The Religious Experience of Coffee
Renee Blanchard, owner of Church Alley Coffee Bar talks about how her business got brewin’
It’s not uncommon to find small business owners and entrepreneurs working in a coffee shop. But what about the aspiring business owner who decides that the coffee shop itself, is the business she’d like to pursue. For one New Orleans woman, the importance of a calm, public space became so great that it became her passion and ultimately, her business.
“As a contract worker I spent a lot of time working in coffee shops in both the U.S. and Europe and I got to see and feel the importance of these public spaces,” says Renee Blanchard, owner of Church Alley Coffee Bar. “The opportunity to open a coffee shop came right when I was looking for a change of career, and I realized it was just what I wanted.”
Her first location was a friend's building that they were looking to put back into use after it was blighted for years. After Blanchard realized that it wasn't the best location for her business, she moved the shop down the street just three blocks, into the lobby of the Zeitgeist building on Oretha Castle Haley Blvd.
“The majority of the building had not been used except for this eclectic movie house in the back,” Blanchard says. “So I leased out as much of the building as I thought I could afford, (about 1,000 square-feet.) And now I sublease a portion of that space out to different designers and a little shop called The Good Shop. This new location allows for a very unique experience for everyone that comes through. I'm really happy about how it all turned out!”
Blanchard has been working for four years on her craft, reading, talking and learning from the people around her and at shops around the country that she loves.
“I spend a lot of time experimenting with coffee to find all the ways to create a more delicious cup,” Blanchard says.
Education and learning more about the palate is all part of the process and Blanchard says she enjoys learning as much as she can.
“Friends and I spend some time each month talking about our palates including self-designed palate classes,” she says. “This allows me to hear how other people talk about what they are tasting and how they taste. I am then able to better understand how my customers might be tasting their coffee. I think this constant learning has been one of the biggest surprises, you would think you learn to make a great cup of coffee and that's it, but it's really not. It's a constant journey towards learning and understanding just like any other skill.”
Blanchard is active on social media and she says she thinks it’s a fun way to promote her business but also share her personality with patrons.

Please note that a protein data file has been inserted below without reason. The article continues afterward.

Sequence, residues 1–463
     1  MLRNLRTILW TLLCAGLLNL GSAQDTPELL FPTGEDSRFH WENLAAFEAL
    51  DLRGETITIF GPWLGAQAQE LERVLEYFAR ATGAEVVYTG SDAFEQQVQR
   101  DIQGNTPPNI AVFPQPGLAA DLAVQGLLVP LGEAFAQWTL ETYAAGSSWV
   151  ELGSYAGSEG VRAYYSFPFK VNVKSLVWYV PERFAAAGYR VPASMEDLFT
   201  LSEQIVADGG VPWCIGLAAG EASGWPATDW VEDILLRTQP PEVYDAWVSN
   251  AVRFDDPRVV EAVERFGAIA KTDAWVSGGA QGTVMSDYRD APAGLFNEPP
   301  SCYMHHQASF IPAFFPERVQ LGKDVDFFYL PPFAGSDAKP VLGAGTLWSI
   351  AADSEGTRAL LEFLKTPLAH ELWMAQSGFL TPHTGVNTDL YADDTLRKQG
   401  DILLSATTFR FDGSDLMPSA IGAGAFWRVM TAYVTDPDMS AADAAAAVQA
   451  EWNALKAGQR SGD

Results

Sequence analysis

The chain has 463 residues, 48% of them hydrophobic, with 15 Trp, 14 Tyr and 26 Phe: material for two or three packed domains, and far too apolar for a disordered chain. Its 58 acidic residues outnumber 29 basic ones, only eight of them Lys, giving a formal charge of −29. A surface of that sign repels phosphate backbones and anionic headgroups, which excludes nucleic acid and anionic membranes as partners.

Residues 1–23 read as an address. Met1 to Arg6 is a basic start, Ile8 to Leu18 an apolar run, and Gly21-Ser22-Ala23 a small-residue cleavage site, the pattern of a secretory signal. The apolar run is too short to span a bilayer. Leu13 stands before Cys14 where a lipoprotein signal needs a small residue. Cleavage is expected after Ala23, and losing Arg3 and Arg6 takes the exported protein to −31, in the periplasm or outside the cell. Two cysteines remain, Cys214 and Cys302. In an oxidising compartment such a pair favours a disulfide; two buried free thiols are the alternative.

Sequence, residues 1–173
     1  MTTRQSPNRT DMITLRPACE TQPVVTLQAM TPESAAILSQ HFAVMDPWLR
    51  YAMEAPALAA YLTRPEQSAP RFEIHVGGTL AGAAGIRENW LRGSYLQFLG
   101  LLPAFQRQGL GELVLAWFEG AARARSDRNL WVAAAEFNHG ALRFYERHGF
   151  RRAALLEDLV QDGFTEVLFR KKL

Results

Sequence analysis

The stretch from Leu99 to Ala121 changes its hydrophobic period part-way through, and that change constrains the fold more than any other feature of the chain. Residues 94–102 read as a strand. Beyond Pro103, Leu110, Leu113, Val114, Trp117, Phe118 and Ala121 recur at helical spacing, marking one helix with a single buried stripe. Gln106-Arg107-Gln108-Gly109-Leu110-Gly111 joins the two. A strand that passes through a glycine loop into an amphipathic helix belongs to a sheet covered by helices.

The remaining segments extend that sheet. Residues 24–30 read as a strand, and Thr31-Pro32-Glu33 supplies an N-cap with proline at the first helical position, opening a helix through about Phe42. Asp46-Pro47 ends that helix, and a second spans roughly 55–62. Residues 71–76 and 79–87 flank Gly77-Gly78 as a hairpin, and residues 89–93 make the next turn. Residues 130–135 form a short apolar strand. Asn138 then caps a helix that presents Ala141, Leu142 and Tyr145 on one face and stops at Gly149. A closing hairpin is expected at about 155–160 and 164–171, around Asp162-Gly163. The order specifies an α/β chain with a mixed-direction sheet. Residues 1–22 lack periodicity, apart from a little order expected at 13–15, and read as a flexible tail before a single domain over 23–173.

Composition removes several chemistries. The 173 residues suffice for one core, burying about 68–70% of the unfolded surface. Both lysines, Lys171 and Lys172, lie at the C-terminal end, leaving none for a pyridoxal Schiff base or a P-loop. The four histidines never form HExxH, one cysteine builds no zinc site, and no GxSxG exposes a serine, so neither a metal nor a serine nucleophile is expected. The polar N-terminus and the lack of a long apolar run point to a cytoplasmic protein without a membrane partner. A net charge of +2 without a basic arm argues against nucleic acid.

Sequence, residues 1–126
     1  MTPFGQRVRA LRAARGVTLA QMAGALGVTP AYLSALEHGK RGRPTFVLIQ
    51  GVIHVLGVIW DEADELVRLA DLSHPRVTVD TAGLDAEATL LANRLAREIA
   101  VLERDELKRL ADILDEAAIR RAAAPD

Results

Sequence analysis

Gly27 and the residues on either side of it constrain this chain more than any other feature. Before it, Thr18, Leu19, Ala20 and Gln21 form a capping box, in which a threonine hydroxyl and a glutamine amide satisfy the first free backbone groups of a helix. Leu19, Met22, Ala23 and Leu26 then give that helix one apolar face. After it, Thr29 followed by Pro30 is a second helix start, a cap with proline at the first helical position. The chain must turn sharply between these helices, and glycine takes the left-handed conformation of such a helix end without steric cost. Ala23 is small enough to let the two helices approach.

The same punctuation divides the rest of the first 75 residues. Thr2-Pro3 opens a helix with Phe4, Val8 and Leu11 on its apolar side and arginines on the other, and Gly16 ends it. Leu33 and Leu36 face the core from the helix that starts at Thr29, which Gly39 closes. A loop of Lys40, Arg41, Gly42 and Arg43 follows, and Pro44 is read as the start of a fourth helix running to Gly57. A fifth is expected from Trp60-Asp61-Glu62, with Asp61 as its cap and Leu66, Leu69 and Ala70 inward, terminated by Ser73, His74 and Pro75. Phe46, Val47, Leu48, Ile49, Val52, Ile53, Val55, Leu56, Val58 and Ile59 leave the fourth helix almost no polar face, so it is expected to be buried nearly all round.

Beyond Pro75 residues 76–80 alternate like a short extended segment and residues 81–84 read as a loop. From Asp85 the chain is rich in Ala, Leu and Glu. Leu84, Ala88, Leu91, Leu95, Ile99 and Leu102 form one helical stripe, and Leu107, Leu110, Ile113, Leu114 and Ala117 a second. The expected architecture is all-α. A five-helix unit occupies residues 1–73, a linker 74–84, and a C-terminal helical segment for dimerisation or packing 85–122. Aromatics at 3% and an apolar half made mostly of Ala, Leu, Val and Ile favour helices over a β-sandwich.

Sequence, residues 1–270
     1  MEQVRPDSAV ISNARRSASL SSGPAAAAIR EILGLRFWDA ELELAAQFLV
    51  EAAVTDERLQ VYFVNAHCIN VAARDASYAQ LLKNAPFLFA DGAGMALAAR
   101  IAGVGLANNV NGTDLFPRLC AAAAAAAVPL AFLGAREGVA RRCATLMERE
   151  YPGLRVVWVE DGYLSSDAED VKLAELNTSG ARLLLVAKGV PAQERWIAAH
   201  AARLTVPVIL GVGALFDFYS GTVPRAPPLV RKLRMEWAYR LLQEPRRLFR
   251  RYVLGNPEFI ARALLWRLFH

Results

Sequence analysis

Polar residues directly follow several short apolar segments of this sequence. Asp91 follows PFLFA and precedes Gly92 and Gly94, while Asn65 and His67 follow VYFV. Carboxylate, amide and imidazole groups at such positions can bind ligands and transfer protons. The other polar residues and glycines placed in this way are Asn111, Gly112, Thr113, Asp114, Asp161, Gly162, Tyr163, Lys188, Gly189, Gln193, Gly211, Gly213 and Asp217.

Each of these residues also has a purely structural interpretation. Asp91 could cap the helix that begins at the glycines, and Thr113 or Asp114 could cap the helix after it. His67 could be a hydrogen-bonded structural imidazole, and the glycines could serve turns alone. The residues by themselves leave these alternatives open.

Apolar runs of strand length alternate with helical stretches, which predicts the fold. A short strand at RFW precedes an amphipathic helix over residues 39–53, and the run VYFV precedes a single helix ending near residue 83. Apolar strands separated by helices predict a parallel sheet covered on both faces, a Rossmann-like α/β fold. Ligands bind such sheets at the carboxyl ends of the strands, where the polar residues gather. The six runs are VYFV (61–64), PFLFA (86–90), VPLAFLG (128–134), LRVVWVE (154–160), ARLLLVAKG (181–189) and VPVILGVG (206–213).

“I am very active on social media. In the morning when I'm opening the shop, I snap some photos to share throughout the day,” she says. “I also talk about things that are important to me as a person and about my personal life. I think some businesses shouldn't do this, but as a coffee shop my personal tends to be my professional as well. I don't really believe I'm competing with other coffee shops, I think I'm providing a different environment for folks that enjoy coffee.”
Enjoyment is key to what Blanchard strives to create. She says she hopes her customers find Church Alley Coffee Bar to be a home away from home.
“I hope it’s a place where they can relax and recharge when necessary and a place they want to share with others they care about,” Blanchard says. “It's not just about delicious coffee and small bites, it's about how my customers feel when they are in the shop.”
The small bites don’t hurt, however. Church Alley Coffee Bar serves Breads on Oak pastries, makes their own muffins, and has a small food menu. They also serve Tandem Coffee Roasters out of Portland, Maine and Cafe Grumpy Coffee Roasters out of New York.
Where the challenges of owning your own business are concerned, Blanchard says that believing in her vision above all else is a challenge, but one that she takes on gladly.
“As a small business owner you get a lot of people who, with good intention, tell you all the ways you can improve your business,” she says. “And it's a delicate balance to make those people feel appreciated and at the same time following your vision and sometimes that can be at a cost to other things. Some days I'm better at meeting and overcoming these challenges than others. But each day I get to try again!”
Church Alley Coffee Bar is open Monday to Saturday 8 a.m. to 4 p.m. www.churchalleycoffeebar.com